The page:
Screen Rant: As the Doctor Sleep vinyl shows back there, I’m a big Stephen King fan, and I find it very intriguing that you went from writing Sierra Burgess is a Loser to now making your directorial debut on this. How did it come about for you to make that jump between genres, and what was it like to make that transition between the two?
Lindsey Anderson Beer: Well, it’s funny, I think because of the weird way that movie credits work, Sierra Burgess is actually very much an aberration on my credit list. Most of my movies that I’ve worked on are more kind of dystopian sci-fi or action things, and Sierra came about — I have to credit my father who came up to me one day and was like, “Lindsey, can you just write one thing that isn’t weird?” [Laughs] “Sure, dad, I can try for you.”
I’ve written one Sierra, and absolutely nothing else like it, and Pet Sematary came about because I had worked on the Transformers franchise with the producers, and helped them a lot with just kind of fixes through productions and stuff, so we had a really good relationship. I had reached the point where I really only wanted to write and direct, and they said, “We really want to find something to produce for you to direct.” Mark Vahradian, one of the producers, called me and said, “Would you ever direct Pet Sematary?” I said, “Are you f—-ng kidding me, that was my favorite King book as a kid!” He sent me the script, I read it within an hour, I’m not kidding you when I say I sent him an outline for what a new script could be a couple hours later, and it just went so fast from there.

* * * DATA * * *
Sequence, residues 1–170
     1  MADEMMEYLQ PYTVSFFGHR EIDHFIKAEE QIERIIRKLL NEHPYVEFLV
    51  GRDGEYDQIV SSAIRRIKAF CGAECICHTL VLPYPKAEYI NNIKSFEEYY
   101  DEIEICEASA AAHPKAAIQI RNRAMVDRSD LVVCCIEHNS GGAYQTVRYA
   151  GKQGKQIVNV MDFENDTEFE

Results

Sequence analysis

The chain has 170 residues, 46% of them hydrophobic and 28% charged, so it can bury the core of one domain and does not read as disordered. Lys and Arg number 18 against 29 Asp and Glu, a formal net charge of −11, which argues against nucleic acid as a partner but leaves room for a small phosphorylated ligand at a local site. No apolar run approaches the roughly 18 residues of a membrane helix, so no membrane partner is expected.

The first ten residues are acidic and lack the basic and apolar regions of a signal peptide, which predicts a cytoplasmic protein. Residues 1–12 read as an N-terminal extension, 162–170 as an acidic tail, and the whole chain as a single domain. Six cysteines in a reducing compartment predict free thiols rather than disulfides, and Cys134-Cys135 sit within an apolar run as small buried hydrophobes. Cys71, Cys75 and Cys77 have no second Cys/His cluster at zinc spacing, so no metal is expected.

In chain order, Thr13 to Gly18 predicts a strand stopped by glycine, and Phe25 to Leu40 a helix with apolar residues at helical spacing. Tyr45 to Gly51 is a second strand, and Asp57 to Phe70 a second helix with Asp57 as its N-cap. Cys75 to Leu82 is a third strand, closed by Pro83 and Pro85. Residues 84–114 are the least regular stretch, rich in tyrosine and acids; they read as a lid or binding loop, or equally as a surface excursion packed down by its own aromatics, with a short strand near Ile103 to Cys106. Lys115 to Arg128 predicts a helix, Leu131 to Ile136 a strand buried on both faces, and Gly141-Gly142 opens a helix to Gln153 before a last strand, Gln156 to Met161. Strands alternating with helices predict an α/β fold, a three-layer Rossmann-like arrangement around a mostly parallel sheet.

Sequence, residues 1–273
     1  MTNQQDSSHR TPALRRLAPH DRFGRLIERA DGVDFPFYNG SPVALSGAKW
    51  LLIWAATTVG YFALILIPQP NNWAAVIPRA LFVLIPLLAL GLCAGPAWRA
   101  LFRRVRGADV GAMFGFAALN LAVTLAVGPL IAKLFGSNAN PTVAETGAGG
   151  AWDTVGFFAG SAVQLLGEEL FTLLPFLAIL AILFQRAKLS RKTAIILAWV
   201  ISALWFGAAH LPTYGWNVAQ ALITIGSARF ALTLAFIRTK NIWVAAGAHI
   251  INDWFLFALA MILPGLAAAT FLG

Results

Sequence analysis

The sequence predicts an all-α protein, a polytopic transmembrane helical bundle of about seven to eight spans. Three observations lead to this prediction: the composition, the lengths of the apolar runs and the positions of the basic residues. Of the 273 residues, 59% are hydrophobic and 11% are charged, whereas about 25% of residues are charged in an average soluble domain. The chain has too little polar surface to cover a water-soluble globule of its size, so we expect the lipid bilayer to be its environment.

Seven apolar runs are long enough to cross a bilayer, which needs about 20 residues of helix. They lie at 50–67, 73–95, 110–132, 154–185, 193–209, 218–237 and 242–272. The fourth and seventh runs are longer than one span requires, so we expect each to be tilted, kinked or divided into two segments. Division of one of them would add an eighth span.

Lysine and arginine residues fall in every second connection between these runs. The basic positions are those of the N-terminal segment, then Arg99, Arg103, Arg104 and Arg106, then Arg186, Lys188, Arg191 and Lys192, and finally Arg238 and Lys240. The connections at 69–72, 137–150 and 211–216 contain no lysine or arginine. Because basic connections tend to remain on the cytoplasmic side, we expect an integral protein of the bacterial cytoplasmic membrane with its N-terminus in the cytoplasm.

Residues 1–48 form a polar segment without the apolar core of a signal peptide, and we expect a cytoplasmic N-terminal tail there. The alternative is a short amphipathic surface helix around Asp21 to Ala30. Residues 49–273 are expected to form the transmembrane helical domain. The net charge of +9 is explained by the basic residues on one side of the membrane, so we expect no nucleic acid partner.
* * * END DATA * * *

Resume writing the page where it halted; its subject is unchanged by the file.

One of the things I find interesting about any adaptation of Pet Sematary is that there’s always that balance between the psychological trauma of loss as well as the straight-up horror that can come from this kind of concept. Given that this is a direct prequel to the 2019 effort, which went more horror, what were some of your biggest goals in adapting the novel having that love for it?